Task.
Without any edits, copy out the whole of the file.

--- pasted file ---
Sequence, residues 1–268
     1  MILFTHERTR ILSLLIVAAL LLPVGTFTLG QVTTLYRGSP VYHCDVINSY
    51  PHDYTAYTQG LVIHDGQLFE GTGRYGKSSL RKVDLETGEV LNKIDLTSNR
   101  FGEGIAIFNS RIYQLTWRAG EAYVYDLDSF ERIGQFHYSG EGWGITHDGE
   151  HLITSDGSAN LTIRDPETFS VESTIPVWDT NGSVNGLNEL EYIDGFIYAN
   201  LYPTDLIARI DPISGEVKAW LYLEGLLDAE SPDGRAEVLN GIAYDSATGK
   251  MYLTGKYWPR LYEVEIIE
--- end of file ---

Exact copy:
Sequence, residues 1–268
     1  MILFTHERTR ILSLLIVAAL LLPVGTFTLG QVTTLYRGSP VYHCDVINSY
    51  PHDYTAYTQG LVIHDGQLFE GTGRYGKSSL RKVDLETGEV LNKIDLTSNR
   101  FGEGIAIFNS RIYQLTWRAG EAYVYDLDSF ERIGQFHYSG EGWGITHDGE
   151  HLITSDGSAN LTIRDPETFS VESTIPVWDT NGSVNGLNEL EYIDGFIYAN
   201  LYPTDLIARI DPISGEVKAW LYLEGLLDAE SPDGRAEVLN GIAYDSATGK
   251  MYLTGKYWPR LYEVEIIE